JOURNAL OF SPORTS SCIENCE & MEDICINE
http://www.jssm.org
 
Research article
 

SELF-REPORTED DIETARY INTAKE FOLLOWING ENDURANCE, RESISTANCE AND CONCURRENT ENDURANCE AND RESISTANCE TRAINING

Brandon S. Shaw1, Ina Shaw2 and Gregory A. Brown3

1Tshwane University of Technology and 2Vaal University of Technology, Republic of South Africa
3University of Nebraska at Kearney, Nebraska, USA

Received   08 February 2008
Accepted   09 April 2008
Published   01 June 2008

Journal of Sports Science and Medicine (2008) 7, 255 - 259
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ABSTRACT  
With regards to obesity-related disease the impact of exercise training on health depends on the ability of exercise to promote a negative energy balance. Exercise's effect on promoting a negative energy balance is more likely to occur if exercise can induce a favourable dietary intake such as a reduced relative fat content in the diet. As such, the aim of this study was to evaluate and compare the effectiveness of aerobic training, weight training and concurrent aerobic and weight training on self-reported dietary intake. The effects of 16 weeks of aerobic (n = 12), weight (n = 13) and concurrent aerobic and weight training (n = 13) on self-reported dietary intakes were compared in previously sedentary males using the computer-based Dietary Manager software programme. Only the concurrent aerobic and weight training group showed significant (p < 0.05) reductions in total kilocalories, carbohydrates, proteins and fats consumed while the aerobic training group showed significant reductions in fat intake at the completion of the experimental period (before: 91.0 42.1g versus after: 77.1 62.1g). However, no changes were observed in self-reported dietary intake in the weight training or non-exercising control groups. It is concluded that concurrent aerobic and weight training is the most effective mode of exercise at promoting a favourable improvement in self-reported dietary intake in the short term. This finding provides support for efforts to promote increases in overall physical activity in an attempt to modify the patterns of dietary intake.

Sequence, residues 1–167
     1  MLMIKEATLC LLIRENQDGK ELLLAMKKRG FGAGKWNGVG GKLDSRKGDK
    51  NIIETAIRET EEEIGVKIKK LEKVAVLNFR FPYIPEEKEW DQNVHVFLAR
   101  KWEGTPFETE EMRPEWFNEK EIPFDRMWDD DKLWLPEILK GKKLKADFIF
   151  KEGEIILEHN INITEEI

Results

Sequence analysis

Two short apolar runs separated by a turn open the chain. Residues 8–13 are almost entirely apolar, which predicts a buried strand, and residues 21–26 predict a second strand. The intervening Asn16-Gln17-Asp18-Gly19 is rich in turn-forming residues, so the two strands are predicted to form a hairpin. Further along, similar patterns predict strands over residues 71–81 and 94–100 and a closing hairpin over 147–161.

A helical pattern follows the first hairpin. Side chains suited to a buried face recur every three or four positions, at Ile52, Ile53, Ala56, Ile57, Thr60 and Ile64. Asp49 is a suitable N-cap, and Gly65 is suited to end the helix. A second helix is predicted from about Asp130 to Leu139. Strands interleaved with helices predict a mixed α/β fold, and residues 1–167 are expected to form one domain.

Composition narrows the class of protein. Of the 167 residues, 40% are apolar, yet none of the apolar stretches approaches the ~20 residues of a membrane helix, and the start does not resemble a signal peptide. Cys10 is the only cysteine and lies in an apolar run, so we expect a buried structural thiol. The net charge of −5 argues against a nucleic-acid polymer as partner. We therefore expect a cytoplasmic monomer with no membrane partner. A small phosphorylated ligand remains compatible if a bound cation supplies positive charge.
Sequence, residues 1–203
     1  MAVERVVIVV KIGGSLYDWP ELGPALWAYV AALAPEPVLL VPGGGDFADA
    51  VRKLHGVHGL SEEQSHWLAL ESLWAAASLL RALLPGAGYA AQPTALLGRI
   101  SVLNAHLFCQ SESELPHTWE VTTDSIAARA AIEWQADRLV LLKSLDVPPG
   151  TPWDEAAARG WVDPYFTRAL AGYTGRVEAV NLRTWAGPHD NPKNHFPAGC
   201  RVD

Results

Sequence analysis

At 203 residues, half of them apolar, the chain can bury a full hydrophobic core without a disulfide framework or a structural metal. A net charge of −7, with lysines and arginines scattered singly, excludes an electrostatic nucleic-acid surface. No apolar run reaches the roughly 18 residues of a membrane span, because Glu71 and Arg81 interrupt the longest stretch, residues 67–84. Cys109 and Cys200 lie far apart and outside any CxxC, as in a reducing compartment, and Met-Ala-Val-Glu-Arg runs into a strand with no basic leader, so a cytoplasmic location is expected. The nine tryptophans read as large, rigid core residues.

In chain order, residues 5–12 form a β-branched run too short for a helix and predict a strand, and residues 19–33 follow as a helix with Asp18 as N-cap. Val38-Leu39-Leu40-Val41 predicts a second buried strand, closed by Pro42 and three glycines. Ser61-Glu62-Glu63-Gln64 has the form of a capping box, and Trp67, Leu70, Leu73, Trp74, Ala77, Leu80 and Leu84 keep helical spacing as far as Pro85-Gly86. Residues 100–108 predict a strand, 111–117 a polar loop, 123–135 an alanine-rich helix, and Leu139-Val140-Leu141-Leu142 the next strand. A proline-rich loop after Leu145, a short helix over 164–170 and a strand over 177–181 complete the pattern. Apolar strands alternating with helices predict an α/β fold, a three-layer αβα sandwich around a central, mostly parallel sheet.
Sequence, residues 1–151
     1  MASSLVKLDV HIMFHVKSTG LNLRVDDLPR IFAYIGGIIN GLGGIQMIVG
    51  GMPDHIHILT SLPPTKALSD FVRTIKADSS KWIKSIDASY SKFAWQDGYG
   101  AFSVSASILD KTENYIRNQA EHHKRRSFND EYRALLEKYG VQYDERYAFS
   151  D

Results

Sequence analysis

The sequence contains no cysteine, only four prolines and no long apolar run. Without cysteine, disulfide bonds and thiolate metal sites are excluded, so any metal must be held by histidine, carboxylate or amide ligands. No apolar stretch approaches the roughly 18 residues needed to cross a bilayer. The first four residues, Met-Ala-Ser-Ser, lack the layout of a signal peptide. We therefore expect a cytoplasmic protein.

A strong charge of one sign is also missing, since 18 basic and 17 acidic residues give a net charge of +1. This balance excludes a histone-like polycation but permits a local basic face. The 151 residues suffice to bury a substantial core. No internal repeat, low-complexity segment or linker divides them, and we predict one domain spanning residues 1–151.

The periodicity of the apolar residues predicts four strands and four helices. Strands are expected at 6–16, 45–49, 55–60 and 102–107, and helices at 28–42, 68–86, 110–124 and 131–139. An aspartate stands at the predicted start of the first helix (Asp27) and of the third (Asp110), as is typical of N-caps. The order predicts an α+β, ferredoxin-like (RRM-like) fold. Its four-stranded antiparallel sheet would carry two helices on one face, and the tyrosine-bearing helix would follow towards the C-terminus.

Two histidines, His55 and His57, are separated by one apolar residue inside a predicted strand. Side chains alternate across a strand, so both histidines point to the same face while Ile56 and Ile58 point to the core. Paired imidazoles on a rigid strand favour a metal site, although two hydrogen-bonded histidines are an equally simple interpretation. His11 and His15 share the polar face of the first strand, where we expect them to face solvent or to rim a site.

Key words: Kilocalories, carbohydrate, diet, exercise, fat, protein.

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INTRODUCTION